Being creative, for many of us, is an outlet. It's a way to express ourselves, be free, it's a way to escape, and it's a way to create beauty, especially during the times that may feel a little darker, times like now during the midst of the COVID-19 pandemic. Though I believe art is always important, there are seasons like now when we can lean into it more heavily for relief, for comfort, for joy.
Sometimes when it feels like the weight of the world is upon my shoulders, the last thing I want to do is take on a large project. I still have the desire to create something beautiful, so instead of taking on something big, I find a small project, one that can be done slowly with love with tenderness. I peruse the older issues of Making, looking for something to reach out toward me, to make me feel inspired, and I find it in the Meditative Pincushion project by Sanae Ishida from Making No. 3 / DOTS. This project, I think to myself, could be just what I need. It's simple, small, incorporates hand sewing, and even has the word meditation in its name; I'm not sure it could get more perfect than that. So I get to work, allowing myself the space to dream out loud with my hands. I gather together scraps from previous projects and get to making. Time stills a little, and I find a peace I've been searching for while I make those tiny stitches.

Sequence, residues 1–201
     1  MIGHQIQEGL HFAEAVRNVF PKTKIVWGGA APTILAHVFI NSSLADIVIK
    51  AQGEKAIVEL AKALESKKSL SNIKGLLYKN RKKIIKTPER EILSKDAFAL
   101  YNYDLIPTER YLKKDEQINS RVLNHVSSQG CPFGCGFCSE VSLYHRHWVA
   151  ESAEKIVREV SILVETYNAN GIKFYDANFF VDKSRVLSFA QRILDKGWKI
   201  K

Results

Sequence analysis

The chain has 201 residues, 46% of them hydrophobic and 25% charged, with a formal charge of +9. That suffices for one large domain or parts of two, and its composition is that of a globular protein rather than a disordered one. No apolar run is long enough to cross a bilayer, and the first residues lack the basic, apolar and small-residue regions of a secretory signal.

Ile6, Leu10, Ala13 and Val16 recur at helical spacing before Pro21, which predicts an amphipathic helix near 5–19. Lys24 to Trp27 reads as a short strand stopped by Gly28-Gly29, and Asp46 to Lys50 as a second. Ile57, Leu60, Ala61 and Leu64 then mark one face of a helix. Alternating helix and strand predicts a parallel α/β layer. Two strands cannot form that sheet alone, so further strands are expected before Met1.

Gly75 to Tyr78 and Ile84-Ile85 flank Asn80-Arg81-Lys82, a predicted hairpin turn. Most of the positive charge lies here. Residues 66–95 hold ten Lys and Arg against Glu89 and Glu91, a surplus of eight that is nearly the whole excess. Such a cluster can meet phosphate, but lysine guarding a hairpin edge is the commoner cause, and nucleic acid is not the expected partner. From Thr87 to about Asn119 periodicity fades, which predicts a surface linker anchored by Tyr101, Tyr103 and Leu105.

Sewing Notes & Tips
This is a simple project that doesn't take much time, which is why I found myself sewing up a second pincushion. There's so much room for creativity with this tiny project, and it's an excellent way to use up scraps and fiber waste. The Meditative Pincushion can be found on pages 26-29 of Making No. 3 / DOTS. Keep reading for the details!